Sometimes, political learning comes out of left field.  Saturday Night Live has been around since the 1970s.  With an all-star cast, and many awards, the show wanted nothing more than to make people laugh.  However, with the upswing in political comedy in the 21st century, SNL had a hand in the outcomes of the 2004 presidential election.  Abel and Barthel (2013) took a look at what has become one of the most memorable sketches in recent history.  The sketch where Tina Fey and Amy Poehler reenact the 2004 interview between Sarah Palin and Katie Couric.  They find that before the sketch was aired, popular media news programs were not talking about the interview, or had no opinion of it.  However, after the sketch aired, that interview was portrayed in an extremely negative light (2013). Through this sketch, it is shown that comedy can come through with information that other news programs may not have thought much about.

Political learning is all well and good, but how can this translate to the classroom?  In 2008, McCarron and Savin-Baden looked at exactly that.  While stand up comedians may not be known for their wealth of information, they certain can command a room and make people listen.  McCarron and Savin-Baden think that higher education teachers can learn from the practices of stand up comedians.  Not through the making of bawdy jokes, but through presentation.  In fact, they make it very clear that comedy is not what is talked about, instead, it is the form of stand ups that interests these two.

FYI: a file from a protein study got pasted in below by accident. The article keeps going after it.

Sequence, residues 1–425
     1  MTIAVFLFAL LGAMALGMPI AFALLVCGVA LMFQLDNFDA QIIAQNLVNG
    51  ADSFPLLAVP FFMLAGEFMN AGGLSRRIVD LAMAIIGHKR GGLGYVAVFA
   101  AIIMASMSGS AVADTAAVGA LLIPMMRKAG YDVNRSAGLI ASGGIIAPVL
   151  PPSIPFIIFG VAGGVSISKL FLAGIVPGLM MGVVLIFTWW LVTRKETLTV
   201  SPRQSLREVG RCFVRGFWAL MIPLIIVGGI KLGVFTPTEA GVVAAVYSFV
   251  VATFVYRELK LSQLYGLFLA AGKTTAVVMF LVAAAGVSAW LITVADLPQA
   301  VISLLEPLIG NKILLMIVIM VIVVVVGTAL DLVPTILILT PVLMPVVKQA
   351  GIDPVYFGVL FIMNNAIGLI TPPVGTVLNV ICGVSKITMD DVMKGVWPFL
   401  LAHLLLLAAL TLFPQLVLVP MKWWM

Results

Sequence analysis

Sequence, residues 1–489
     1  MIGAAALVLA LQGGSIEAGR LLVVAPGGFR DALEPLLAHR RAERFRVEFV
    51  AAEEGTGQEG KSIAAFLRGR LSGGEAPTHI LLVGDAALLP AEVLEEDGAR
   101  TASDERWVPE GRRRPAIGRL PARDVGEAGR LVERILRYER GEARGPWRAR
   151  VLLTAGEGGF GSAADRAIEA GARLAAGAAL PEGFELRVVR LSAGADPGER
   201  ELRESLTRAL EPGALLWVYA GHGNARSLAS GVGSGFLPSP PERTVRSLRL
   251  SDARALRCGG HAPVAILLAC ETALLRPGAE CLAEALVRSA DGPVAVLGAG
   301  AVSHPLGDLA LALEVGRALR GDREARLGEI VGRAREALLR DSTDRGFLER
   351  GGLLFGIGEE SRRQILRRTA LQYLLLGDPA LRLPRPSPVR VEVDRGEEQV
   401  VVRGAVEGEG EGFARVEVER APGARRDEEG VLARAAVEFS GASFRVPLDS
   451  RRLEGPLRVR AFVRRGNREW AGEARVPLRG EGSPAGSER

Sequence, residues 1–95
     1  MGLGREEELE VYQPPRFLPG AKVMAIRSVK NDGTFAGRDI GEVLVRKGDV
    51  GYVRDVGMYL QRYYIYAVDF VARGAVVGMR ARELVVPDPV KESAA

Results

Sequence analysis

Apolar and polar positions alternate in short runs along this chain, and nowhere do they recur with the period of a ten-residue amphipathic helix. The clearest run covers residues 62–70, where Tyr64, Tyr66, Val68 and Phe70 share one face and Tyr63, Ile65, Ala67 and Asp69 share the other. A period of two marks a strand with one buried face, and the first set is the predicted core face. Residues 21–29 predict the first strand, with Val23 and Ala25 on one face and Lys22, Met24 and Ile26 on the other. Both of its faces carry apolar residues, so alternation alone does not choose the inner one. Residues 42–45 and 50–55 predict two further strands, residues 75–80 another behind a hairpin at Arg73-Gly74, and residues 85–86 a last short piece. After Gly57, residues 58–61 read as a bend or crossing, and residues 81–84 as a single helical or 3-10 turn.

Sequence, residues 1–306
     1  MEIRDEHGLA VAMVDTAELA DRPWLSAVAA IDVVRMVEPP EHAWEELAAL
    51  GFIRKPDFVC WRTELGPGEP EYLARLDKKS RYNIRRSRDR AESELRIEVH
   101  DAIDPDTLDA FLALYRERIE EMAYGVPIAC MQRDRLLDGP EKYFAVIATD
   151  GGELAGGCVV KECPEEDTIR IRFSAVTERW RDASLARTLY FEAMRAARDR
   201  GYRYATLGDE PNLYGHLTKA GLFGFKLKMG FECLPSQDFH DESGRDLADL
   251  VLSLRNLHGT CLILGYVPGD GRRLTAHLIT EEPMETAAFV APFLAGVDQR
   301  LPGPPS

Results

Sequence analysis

Comedy has been proven to be a learning tool in political learning.  However, comedy can help students come along to understanding as well. With more study, comedy could be an extremely pervasive tool in the field of education.

Works Cited

Abel, Angela D., and Michael Barthel. “Appropriation of Mainstream News: How Saturday Night Live Changed the Political Discussion.” Critical Studies in Media Communication 30.1 (2013): 1-16. Web. 18 Sept. 2014.